An often-forgotten facets of pro hockey in Philly in the 70s was that you could not only watch Clarke, MacLeish, Schultz and Barber playing for the Flyers at the Spectrum, for a time you could also go the Civic Center and see (Mike) Clarke, (Dale) MacLeish, (Ray) Schultz and (John) Barber suit up for the Firebirds in the NAHL. Dale MacLeish and Ray Schultz were the brothers of their Flyers counterparts. The others simply shared the same last names.
My favorite Firebirds player was Gordie "Road Hog" Brooks. A prolific minor league goal scorer, Brooks spent brief NHL stints with the St. Louis Blues and Washington Capitals. For my birthday a few years ago, I was surprised with a Firebirds jersey with Gordie Brooks' number on it. It instantly became one of my sentimental favorites among the many hockey jerseys I've accumulated over the years.
Today, when I think back to the games at the Civic Center, I think of the green helmets that some of the players wore. When I was five or six years old, I actually tried to make my own "Firebirds helmet" by taking a green crayon to a white street hockey helmet I had at home. I made the thing look ridiculous.
If I had an old Firebirds game program handy, I'd scan and post a photo of the Barry's Castle hair salon ads that used to run in the team's program: a then-contemporary-now-retro ode to men wearing gold chains, wide-collared open shirts with tufts of chest hair sticking out and mops of big, poofy 70's perms atop their heads. A few months ago, I was driving through my old Northeast Philly neighborhood and was surprised that one of the few 1970s businesses that are still open in the area is Barry's Castle. The Leo Mall -- where I met Reggie Leach at a 1976 autograph signing event -- is long gone but Barry's Castle survives. Good for them!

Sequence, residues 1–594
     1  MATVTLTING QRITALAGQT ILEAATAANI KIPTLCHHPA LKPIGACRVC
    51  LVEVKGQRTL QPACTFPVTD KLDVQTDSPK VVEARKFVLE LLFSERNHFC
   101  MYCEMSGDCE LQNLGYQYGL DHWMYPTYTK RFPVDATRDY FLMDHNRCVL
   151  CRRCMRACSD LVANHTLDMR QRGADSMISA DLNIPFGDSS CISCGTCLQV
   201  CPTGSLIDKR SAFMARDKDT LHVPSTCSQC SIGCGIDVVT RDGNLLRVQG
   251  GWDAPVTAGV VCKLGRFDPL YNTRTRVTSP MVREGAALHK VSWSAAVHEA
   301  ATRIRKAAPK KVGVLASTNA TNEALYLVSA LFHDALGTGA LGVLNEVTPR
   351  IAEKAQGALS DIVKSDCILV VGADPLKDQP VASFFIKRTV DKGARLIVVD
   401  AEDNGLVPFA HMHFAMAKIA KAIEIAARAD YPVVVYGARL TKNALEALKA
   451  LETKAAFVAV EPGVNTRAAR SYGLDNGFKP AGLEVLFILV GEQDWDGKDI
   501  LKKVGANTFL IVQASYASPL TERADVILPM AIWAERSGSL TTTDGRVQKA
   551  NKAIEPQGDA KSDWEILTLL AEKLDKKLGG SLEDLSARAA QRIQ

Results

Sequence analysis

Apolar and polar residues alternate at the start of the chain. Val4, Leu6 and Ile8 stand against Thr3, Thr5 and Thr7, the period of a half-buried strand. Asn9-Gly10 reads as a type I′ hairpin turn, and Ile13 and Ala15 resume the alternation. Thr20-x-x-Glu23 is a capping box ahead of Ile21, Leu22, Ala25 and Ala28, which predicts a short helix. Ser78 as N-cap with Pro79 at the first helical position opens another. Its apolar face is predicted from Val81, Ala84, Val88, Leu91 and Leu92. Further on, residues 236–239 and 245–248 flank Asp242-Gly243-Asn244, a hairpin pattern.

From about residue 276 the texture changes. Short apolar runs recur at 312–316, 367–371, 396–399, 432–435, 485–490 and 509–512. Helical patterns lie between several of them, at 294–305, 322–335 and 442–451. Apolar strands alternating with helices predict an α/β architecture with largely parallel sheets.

In hockey terms, whenever I think of the Firebirds, I recall the the team's Lockhart Cup championship season and some of the colorful player nicknames of the era. In addition to the Road Hog, the Firebirds alumni from their AHL affiliation days saw the likes of former Red Wings Dave "Crash" Kelly and Fred "Fats" Williams, former Maple Leafs' first round pick Bob "Waldo" Neely, enforcer Mike "Barretta" Haworth and a host of others take the ice for the club.
By the way, Miracle on Ice Team USA captain Mike Eruzione played briefly for the Firebirds before gaining fame in Lake Placid. Former Flyers goaltending coach and longtime NHL backup Reggie Lemelin was also a Firebird. So was future broadcaster Steve Coates, which may explain why the team promptly moved to Syracuse (just kidding, Coatesy).
Hearing "the Hustle" on a random offseason morning makes all these memories flood back and brings a little smile to my face. In my imagination, as I hear that silly little relic of a 1970s dance craze, the Road Hog rides again at the old Civic Center.
What are some unlikely songs that make you think about hockey? I'm not talking about the Good Old Hockey Game. I mean a song that was not specifically written about the sport, but which has some connection to it in your mind. It could be a song you associate with hearing frequently at the area, a song from a hockey movie, something you play to psyche yourself up for a game, or anything else that triggers an association with hockey (such as songs used on an EA Sports NHL game).
Another personal example: hearing "Right Back Where We Started From" often puts me in the mood to watch Slap Shot. Lines from the movie swirl in my mind from the very first familiar strains of the tune. There are other, somewhat more recent songs that have the same effect -- "Welcome to the Jungle" and "Come Out and Play" being two. During the NHL lockouts of 2004-05 and 2012-13, one of the few things I didn't miss about being at the arena was being regularly subjected to the Rednex version of "Cotton-Eyed Joe" -- the worst Swedish import this side of Hardy Åström.